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St. Paul's Catholic Church, Onaway, Michigan: artists Peter and Christel Brahm

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Window

Building Name: St. John's Episcopal Church

Studio Name: Willet Hauser Architectural Glass

City: Royal Oak

Window Shape: 5 (gothic arched, 2 vertical sections)

Date of Window: 1942

Subject/Title of Window: John the Beloved; Intercessionary Prayer at the Last Supper

Brief Description of Subject: This window was designed for this parish's Gothic styled Church which opened in 1926. Subsequently the congregation needed a larger church and replaced it with a modern styled church which opened in 1957, moving the stained glass to the new church. This window is now located on the second level of the Epistle side transept.

In the old Church each lancet was an individual window, however in its move to the new Church, they were combined to form one window.

Left Lancet: This lancet, featuring John the Beloved, was located in the old Church of St. John's in a place of importance --- just to the right of the altar. Its border is made up of geometrical patterns alternating with animals and boats. The large scene is based on John 19:26 - 27 --- as Jesus was dying on the cross, "when he saw his mother there, and the disciple whom he loved standing by, he said to his mother, 'Dear woman, here is your son,' and to the disciple, 'Here is your mother.' From this time on, this disciple took her into his home," (NIV). The scene depicts John, beardless as is customary, consoling a distraught Virgin Mary witnessing the coming death of her son. Above John's head is a scene taken from the Last Supper. John, seated next to Jesus (John 13:23), is pictured leaning against Jesus who is holding a piece of bread in his left hand, instituting the Holy Eucharist --- "He took bread, gave thanks and gave it to them, saying, 'This is my body,'" Luke 22:19 (NIV).

According to Church records this lancet was given in memory of Charles W. Steinhilber by his wife and son, Mrs Charles W. Steinhilber and Robert G. Steinhilber and dedicated on Palm Sunday, March 30, 1942.

Right Lancet: This medallion type lancet features two scenes from the Last Supper as written in the Gospel of John. Each scene is surrounded by oak leaves and acorns, symbolizing strong Faith.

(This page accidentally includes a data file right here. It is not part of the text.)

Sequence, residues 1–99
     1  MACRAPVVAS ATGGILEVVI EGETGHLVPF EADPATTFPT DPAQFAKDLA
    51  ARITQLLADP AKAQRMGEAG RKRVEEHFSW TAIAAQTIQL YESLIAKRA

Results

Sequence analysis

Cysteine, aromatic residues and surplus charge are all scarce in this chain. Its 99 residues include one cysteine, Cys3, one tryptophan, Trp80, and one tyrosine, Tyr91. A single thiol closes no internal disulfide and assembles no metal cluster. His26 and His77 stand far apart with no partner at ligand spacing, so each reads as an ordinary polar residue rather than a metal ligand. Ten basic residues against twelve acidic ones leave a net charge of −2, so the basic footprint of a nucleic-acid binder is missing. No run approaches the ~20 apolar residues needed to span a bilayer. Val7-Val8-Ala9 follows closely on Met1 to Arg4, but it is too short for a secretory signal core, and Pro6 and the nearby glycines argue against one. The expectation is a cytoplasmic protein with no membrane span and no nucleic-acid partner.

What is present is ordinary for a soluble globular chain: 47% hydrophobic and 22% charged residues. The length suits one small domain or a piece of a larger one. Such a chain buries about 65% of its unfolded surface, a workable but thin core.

The bottom scene is based on the story of "Jesus Washing His Disciples' Feet," which is found in John 13:1 - 20 --- "... he got up from the meal, took off his outer clothing, and wrapped a towel around his waist. After that, he poured water into a basin and began to wash his disciples' feet, drying them with a towel that was wrapped around him," Verse 4 - 5 (NIV). In the time of Christ, the roads were dusty and people wore sandals. It was customary, when guests entered a home, for a servant of the household to wash their feet. The Apostles did not understand why Jesus was washing their feet, this leads to Jesus' comment, "I tell you the truth, no servant is greater than the master, nor is a messenger greater than the one who sent him. Now that you know these things, you will be blessed if you do them," Verses 16 - 17 (NIV). The scene pictures Christ washing the feet of a reluctant Simon Peter (Verses 6 -11). The top scene pictures Christ giving the Intercessory Prayer at the Last Supper which takes up all of Chapter 17 of the Gospel of John. According to Church records, this lancet was given as a tribute to Clara Ellen Starr by members of the Choir and friends, and dedicated September 12, 1943.

Inscriptions: C.W. Steinhilber 1889-1940
A gift of Appreciation
Clara Ellen Starr
From the choir and other friends


Condition of Window: Good

Type of Glass and Technique: Lead Came

John the Beloved/Intercessionary Prayer at the Last Supper
John the Beloved/Intercessionary Prayer at the Last Supper
The Intercessory Prayer at the Last Supper
The Intercessory Prayer at the Last Supper
Jesus Washing His Disciples' Feet
Jesus Washing His Disciples' Feet

The MSGC is a constantly evolving database. Not all the data that has been collected by volunteers has been sorted and entered. Not every building has been completely documented.

All images in the Index are either born-digital photographs of windows or buildings or are scans of slides, prints, or other published sources. These images have been provided by volunteers and the quality of the material varies widely.

If you have any questions, additions or corrections, or think you can provide better images and are willing to share them, please contact donald20@msu.edu